AUGUSTA, Maine (AP) -- A legislative committee is supporting a bill that aims to boost Maine's troubled lobster industry by pumping more money into marketing the state's signature seafood.
The Marine Resources Committee voted unanimously Monday in support of a proposal calling for sharply increased surcharges on lobster fishing, dealer and processor licenses, with the goal of raising about $3 million a year in promotional funding. This year's marketing budget is about $380,000.
The committee also supported an amendment to the original bill that cuts lobstermen's share of the funding from 75 percent to 50 percent, with dealers, processors and lobster transporters shouldering the other 50 percent.
Supporters say the industry needs a boost following last year's record harvest and low prices. Lobstermen last year caught 123 million pounds, but they received only $2.68 a pound on average, the lowest price since 1994.
Sen. Christopher Johnson, co-chairman of the committee, said the bill should benefit lobstermen and the state as a whole if it adds value to the lobster harvest.
"The wild blueberry industry benefits tremendously from that type of marketing," he said. "And the lobster industry stands to benefit tremendously as well in increasing demand, which in the end will help with the boat prices."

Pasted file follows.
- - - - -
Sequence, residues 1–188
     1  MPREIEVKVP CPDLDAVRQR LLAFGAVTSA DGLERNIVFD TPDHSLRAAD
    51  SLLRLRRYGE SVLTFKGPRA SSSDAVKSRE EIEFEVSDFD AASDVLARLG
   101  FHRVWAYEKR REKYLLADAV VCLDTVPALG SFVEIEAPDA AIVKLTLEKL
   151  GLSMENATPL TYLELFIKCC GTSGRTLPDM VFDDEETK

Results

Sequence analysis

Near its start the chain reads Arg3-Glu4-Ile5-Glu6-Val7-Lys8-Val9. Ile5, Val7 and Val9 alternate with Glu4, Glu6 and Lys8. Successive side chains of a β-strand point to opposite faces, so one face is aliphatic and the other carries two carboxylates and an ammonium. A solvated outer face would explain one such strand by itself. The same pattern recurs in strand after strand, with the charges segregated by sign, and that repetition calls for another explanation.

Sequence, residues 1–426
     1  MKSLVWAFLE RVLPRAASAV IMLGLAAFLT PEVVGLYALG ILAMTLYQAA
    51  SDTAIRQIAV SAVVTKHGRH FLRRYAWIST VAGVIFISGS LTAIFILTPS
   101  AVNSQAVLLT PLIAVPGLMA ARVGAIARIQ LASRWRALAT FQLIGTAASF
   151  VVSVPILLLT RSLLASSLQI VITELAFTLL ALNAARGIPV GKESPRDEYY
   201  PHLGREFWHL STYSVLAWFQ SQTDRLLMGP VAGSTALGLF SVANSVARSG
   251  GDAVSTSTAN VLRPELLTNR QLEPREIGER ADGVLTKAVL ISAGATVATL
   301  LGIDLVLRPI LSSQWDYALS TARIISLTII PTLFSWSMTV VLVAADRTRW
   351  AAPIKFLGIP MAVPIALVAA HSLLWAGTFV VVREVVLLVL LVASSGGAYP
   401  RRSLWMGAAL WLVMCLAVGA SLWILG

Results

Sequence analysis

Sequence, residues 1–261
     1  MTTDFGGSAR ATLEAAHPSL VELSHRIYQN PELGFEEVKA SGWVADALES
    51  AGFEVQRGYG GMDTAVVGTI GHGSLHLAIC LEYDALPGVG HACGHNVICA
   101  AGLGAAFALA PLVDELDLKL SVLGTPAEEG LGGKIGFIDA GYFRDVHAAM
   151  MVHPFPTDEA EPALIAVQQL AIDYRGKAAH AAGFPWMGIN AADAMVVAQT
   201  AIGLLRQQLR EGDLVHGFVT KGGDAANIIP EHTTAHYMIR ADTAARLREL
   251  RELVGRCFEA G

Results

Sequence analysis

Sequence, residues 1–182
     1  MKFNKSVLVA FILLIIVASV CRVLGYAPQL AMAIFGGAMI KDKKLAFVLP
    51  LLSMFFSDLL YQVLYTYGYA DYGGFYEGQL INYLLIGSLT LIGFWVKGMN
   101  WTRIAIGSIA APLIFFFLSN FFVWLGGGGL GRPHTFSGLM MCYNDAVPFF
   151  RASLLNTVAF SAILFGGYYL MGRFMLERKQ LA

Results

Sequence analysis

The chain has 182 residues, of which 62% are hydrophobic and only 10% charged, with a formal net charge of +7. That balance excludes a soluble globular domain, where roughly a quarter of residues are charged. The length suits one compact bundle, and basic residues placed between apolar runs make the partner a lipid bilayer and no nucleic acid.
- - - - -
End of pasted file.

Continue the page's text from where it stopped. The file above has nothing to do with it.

The bill will be rewritten with amendments and go back before the committee before it's sent to the entire Legislature for a full vote.
Lobstermen and others in the industry say with the harvest increasing sharply in recent years, it's important to increase the funding for marketing. It's been said that while the lobster catch last year exceeded 120 million pounds, there's only demand for 90 million pounds of lobster, thus driving down the price.
If the bill passes the full Legislature as expected, it would increase the license surcharges over three years to reach the $3 million mark for marketing.
Rep. Walter Kumiega, the committee's other co-chairman, said fishermen should be happy that their share of the funding is being cut.
"I think they got more than they asked for in a lot of cases," said Kumiega. "Most fishermen I talked to were good with paying 60 percent. But members of the committee felt that 50/50 made more sense."